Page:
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Tuesday, October 28, 2008

Kaffir Lime Leaves

As the years passed and I found myself cooking more and more Thai food (my kids and hubby are part Thai), I've discovered that I could not live without kaffir lime leaves. Good thing mother-in-law has a huge tree in her front yard, so I never have to buy them, as they're not exactly cheap.

My mother-in-law gave us a tree when we bought our first home, but once I pruned it, it started producing leaves that were definitely not of the kaffir lime. It must have been a graft and the tree must have reverted back to producing regular citrus leaves or something. Anyways last year, I gave my mom a tree for her birthday gift to plant in her yard. The tree is coming along nicely.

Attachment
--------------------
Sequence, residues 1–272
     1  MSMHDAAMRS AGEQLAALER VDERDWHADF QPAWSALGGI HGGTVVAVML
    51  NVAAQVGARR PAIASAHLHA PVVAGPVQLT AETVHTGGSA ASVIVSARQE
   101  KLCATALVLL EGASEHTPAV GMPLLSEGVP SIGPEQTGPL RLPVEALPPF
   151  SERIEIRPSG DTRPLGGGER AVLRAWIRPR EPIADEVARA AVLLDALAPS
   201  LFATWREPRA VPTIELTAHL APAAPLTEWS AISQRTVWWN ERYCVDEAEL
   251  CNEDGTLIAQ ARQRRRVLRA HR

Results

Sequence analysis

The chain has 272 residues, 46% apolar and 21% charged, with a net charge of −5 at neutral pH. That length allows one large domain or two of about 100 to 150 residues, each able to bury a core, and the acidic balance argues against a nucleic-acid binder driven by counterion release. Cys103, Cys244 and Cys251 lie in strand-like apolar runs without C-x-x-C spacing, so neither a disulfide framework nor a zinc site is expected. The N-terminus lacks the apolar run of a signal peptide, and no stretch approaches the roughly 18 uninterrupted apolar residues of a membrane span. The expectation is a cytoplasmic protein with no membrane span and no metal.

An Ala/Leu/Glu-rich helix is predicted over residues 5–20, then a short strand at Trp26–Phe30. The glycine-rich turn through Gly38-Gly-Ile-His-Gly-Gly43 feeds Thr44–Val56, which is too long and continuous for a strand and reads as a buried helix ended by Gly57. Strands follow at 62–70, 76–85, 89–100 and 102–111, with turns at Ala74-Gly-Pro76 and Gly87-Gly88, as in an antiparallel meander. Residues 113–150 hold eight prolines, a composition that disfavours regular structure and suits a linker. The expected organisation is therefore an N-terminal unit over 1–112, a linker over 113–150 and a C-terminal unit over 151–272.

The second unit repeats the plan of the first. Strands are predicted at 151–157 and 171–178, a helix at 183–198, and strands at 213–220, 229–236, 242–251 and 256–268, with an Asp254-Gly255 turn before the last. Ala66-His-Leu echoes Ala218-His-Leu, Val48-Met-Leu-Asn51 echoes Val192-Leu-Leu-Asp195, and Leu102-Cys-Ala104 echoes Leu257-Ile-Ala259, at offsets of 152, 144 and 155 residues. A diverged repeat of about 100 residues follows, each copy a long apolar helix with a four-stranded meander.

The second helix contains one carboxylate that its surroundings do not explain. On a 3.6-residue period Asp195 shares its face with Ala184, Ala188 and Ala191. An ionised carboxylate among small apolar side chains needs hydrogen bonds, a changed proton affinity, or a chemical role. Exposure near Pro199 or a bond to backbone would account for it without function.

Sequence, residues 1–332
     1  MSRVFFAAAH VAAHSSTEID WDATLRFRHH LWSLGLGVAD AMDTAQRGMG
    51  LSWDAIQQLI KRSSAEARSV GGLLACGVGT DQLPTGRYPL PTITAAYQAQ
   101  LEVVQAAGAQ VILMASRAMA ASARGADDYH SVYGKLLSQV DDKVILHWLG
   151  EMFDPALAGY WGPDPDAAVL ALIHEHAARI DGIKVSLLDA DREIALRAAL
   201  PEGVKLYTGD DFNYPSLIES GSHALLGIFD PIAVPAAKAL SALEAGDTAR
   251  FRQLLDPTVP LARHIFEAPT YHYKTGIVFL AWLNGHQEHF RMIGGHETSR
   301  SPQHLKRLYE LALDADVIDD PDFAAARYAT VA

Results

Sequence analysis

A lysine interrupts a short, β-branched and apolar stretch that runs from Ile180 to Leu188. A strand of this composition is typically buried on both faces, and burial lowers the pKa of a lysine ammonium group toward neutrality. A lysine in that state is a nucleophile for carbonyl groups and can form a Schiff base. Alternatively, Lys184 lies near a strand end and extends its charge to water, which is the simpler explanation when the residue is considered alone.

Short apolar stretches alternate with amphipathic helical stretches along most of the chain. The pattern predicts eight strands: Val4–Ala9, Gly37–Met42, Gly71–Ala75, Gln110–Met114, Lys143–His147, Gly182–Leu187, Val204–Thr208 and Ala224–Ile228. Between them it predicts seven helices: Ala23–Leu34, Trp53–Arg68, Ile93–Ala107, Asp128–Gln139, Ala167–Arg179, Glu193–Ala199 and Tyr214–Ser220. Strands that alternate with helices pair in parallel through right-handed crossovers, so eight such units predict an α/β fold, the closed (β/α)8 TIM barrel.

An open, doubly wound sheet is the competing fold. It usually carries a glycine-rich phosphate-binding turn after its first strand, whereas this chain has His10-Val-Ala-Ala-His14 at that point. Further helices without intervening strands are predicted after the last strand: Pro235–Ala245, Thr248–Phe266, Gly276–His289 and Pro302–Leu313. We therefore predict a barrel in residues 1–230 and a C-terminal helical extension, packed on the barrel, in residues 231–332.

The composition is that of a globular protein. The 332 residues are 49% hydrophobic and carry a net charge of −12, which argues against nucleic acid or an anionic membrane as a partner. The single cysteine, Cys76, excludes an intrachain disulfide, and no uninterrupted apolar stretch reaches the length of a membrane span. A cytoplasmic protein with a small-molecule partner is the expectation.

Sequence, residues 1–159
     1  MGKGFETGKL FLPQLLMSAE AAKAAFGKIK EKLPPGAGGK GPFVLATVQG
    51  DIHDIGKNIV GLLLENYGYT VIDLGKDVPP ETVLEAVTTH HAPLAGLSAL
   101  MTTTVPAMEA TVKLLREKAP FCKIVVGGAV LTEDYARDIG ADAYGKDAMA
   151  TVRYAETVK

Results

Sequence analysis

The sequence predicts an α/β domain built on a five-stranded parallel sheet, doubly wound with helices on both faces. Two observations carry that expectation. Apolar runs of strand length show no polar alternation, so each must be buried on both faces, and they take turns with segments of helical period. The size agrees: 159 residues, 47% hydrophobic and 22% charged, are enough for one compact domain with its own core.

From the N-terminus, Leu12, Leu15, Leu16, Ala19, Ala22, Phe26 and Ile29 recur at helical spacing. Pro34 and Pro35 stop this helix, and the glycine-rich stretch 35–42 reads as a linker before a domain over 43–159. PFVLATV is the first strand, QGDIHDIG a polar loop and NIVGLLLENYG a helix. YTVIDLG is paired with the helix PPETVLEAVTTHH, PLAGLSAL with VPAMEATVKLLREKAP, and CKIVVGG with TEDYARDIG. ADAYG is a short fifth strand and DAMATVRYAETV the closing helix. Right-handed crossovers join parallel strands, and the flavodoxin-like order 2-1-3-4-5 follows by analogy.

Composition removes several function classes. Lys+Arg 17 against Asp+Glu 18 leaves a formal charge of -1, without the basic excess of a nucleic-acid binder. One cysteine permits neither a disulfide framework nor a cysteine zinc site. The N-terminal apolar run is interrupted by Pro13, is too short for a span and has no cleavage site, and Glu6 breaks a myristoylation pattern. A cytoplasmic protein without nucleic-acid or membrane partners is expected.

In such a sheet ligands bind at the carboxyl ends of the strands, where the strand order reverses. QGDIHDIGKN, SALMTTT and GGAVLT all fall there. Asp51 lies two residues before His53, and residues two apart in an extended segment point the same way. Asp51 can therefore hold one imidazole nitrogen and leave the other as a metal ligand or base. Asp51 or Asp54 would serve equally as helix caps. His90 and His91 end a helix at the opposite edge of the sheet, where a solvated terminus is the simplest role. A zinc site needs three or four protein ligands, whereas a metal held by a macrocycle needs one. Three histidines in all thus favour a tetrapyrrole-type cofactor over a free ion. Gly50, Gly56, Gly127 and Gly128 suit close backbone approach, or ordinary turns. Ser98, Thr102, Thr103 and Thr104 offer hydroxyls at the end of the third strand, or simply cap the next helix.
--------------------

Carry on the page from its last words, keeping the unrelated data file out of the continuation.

Kaffir lime leaves are essential in Thai cooking, but it's also widely used in other Asian cuisines. My mom uses them in her canh chua.

The lime itself has this funny bumpy texture, and the leaves are also interesting. They look like two hearts stuck together, and they have a wonderful aromatic, citrusy scent to them. Interestingly, according to wikipedia, the term kaffir is offensive in some cultures, but I usually refer to these in their Vietnamese name, la chanh thai (Thai lime leaves) in our family anyways.

This post is a teaser. Tomorrow I will post my family's Thai fish cake recipe, using kaffir lime leaves, of course.

4 comments:

Nate-n-Annie said...

We made salmon cakes using finely chopped kaffir lime leaves. the are fantastically fragrant!

shavedicesundays said...

nate and annie, I love the fragrance of the leaves. I saw your salmon cake recipe on your blog. They look yummy and your presentation was very creative.

Food For Tots said...

I used kaffir lime leaves to make minced meat patties today. The fragrance of the leaves enhance the taste of the patties. Luv it so much! My new discovery!

shavedicesundays said...

Food for Tots, that's an interesting creation. Sounds yummy and a great idea.